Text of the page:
“How do we not even know we’re setting ourselves up to create a barrier,” she added.

Cultural gaps can be widened and barriers built through teaching style and factors a little and seemingly insignificant as voice projection.

Henderson says teachers often use clear, direct voices. However, First Nations students usually aren’t to that in their culture, where softer more inviting tones are used. She believes this difference dates back to colonialism where Europeans forced themselves and their culture upon the First Nations people.

She says when working with First Nations students a softer tone should be adopted. “I’m not going to force my voice into your ears.”

Although education in off-reserve schools has been changing through initiatives such as Action on Inclusion and Inclusive Learning, education strategies have historically been teachers holding the position of power while students memorize information without being given the opportunity or tools to employ it. “I believe it because my teacher told me so,” Henderson explained.

In First Nations culture knowledge and education is more self-directed. “I believe it because I experienced it myself,” said Henderson.

She used a Grade 7 boy in one of the schools she teaches in as an example. The boy’s teacher was unable to assess his reading level because when tested he would rebel, become belligerent and shut down.

In an attempt to open him up, Henderson took him on as an aide on a half-day trip to read to younger classes. “He read beautifully,” said Henderson.

“Sometimes by creating those real world scenarios, it’s not artificial, there’s nothing to rebel against,” said Henderson.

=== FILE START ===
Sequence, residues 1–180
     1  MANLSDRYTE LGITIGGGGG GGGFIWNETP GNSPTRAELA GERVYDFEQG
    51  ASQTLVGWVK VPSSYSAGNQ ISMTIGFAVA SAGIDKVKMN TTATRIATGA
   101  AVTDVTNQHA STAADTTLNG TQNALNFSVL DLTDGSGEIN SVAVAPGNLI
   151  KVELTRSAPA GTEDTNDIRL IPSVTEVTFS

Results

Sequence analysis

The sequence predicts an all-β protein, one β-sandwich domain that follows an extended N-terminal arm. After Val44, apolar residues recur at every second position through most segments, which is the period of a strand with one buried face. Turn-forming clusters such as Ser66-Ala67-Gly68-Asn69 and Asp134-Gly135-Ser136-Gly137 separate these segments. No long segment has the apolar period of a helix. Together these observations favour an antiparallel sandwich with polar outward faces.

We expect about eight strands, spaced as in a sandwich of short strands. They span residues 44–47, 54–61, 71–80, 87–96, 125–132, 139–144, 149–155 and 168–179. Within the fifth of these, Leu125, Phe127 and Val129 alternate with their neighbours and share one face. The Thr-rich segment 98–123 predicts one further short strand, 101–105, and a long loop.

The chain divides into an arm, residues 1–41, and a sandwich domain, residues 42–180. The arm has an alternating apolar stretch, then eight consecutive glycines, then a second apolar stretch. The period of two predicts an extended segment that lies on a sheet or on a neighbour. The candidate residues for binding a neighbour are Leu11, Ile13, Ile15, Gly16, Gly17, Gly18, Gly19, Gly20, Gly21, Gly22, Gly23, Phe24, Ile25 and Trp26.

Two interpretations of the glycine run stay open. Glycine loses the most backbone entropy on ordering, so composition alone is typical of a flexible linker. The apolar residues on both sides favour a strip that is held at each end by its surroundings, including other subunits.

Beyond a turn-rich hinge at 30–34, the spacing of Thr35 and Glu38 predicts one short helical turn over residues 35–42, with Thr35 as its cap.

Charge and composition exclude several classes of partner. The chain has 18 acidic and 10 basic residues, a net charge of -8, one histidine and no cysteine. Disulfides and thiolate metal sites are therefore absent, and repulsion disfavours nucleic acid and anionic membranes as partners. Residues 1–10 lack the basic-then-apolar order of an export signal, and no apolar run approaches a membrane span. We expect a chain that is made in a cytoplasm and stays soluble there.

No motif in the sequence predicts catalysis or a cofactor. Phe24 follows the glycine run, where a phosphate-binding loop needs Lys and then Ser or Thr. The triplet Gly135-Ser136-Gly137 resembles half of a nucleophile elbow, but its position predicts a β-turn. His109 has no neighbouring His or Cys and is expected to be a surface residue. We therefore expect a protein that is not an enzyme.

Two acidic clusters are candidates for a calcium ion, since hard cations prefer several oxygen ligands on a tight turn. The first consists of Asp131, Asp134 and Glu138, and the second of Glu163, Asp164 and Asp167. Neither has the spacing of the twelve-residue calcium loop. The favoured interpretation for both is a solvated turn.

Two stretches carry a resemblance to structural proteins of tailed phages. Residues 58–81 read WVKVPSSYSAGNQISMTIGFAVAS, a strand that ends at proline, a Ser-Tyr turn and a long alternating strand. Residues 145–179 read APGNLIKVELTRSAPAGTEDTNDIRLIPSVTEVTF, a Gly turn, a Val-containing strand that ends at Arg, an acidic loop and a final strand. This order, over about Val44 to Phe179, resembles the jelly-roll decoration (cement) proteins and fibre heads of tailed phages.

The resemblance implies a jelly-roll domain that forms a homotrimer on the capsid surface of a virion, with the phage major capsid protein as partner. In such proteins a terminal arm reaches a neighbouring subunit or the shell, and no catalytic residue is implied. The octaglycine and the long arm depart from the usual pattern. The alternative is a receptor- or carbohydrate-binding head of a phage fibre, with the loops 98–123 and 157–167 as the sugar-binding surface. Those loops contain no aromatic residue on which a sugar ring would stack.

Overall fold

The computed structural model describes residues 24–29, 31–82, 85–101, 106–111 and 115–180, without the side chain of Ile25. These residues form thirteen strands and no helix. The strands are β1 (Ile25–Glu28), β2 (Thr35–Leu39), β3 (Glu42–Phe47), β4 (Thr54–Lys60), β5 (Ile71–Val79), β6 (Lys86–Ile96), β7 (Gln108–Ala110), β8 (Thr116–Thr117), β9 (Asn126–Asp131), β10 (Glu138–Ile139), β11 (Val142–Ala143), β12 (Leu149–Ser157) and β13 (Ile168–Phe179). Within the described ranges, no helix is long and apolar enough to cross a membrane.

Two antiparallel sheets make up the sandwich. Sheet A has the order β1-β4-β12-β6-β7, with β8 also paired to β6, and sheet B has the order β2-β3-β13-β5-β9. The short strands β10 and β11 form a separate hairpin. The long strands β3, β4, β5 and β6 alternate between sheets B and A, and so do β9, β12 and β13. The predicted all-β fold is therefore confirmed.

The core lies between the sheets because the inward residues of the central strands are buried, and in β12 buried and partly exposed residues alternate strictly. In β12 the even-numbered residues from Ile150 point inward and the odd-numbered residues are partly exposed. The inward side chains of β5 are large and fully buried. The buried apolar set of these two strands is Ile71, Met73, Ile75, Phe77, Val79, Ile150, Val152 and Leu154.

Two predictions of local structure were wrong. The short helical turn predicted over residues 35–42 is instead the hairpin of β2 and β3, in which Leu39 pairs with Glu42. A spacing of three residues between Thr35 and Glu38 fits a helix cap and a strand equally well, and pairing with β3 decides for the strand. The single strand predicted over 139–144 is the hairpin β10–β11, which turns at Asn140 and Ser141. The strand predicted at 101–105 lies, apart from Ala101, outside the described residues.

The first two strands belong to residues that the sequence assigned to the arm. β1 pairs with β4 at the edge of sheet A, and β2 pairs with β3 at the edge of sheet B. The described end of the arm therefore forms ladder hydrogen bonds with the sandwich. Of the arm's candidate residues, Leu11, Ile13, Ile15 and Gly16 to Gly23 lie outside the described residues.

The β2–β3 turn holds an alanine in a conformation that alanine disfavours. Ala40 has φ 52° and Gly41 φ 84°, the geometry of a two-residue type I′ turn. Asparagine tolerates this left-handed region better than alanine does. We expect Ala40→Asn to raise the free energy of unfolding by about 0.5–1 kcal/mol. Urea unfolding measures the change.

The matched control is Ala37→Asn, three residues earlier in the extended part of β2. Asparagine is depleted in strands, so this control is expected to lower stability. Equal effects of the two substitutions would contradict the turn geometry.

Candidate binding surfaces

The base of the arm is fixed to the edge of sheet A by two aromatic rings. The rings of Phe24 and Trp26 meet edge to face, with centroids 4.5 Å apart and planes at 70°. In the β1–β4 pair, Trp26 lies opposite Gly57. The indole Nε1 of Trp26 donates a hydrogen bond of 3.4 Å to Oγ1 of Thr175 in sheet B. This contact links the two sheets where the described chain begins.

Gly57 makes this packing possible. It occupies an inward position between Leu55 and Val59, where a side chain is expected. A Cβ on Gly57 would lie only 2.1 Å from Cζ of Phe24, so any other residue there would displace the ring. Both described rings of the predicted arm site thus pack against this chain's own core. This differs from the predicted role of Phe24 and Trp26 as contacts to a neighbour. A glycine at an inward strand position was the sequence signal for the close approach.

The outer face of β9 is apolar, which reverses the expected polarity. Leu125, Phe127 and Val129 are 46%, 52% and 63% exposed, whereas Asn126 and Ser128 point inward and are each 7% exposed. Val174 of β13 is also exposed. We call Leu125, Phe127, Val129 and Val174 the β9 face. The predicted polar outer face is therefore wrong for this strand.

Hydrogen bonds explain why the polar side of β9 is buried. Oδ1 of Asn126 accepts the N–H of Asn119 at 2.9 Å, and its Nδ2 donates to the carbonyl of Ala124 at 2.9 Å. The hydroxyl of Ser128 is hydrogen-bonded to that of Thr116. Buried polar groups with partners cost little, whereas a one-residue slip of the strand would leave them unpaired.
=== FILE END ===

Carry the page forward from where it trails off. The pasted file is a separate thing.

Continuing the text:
Including cultural practices

Following up on the idea of enhanced communication and involving family in their child’s education, Henderson says more culture in the form of ceremony should be encouraged as well as understood.

Last year, three high school students missed close to half their school year because they were involved in the Powwow circuit. Their principal was able to look past traditional learning boundaries to see their involvement as work experience credits, certain CTS modules, as well as financing and bookkeeping lessons because of what the circuit involved.

The practice of smudging was also a heavily discussed topic during the session. Henderson says while the practice needs to be mindful of everybody’s space, schools can create a space for students wishing to smudge.

She feels the presence of smudging will also put other students who smudge at ease as well as help to open barriers when elders or parents visit the school.

While the cultures can learn off of each other and exist in balance in the same schools, Henderson says many minds need a shift in paradigm surrounding the First Nations culture in Canada, and the ideas of nations and treaties.

In European history, nation meant countries and treaties were given heavy importance. An example Henderson used was the Treaty of Versailles which, when broken, began the Second World War.

However, historically, treaties made with First Nations people were given a number rather than name, and Henderson said that, throughout history, being given a number was an example of degradation and stripping of importance and identity.

There are schools on each of the Louis Bull, Samson, Montana and Ermineskin reserves, but many parents choose to have their children bussed into surrounding communities such as Ponoka or Wetaskiwin.

“My children are off reserve because it’s a better education,” said Twins-Hardy. She added when students who attended a reserve school graduate, they struggle next to other graduates because they were taught at a lower standard.